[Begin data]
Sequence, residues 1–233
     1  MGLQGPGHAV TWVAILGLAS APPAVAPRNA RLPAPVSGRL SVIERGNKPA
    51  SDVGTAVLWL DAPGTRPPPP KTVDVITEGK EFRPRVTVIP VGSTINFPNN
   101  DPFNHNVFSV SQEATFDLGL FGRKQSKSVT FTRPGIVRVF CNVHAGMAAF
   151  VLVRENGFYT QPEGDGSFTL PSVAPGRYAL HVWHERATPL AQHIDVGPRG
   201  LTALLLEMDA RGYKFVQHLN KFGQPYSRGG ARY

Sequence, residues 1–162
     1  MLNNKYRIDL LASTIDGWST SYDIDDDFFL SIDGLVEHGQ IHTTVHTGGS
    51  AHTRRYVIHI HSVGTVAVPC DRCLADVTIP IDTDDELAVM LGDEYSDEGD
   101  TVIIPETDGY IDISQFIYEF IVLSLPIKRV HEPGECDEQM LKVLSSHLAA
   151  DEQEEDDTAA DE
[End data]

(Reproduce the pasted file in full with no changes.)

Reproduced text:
Sequence, residues 1–233
     1  MGLQGPGHAV TWVAILGLAS APPAVAPRNA RLPAPVSGRL SVIERGNKPA
    51  SDVGTAVLWL DAPGTRPPPP KTVDVITEGK EFRPRVTVIP VGSTINFPNN
   101  DPFNHNVFSV SQEATFDLGL FGRKQSKSVT FTRPGIVRVF CNVHAGMAAF
   151  VLVRENGFYT QPEGDGSFTL PSVAPGRYAL HVWHERATPL AQHIDVGPRG
   201  LTALLLEMDA RGYKFVQHLN KFGQPYSRGG ARY

Sequence, residues 1–162
     1  MLNNKYRIDL LASTIDGWST SYDIDDDFFL SIDGLVEHGQ IHTTVHTGGS
    51  AHTRRYVIHI HSVGTVAVPC DRCLADVTIP IDTDDELAVM LGDEYSDEGD
   101  TVIIPETDGY IDISQFIYEF IVLSLPIKRV HEPGECDEQM LKVLSSHLAA
   151  DEQEEDDTAA DE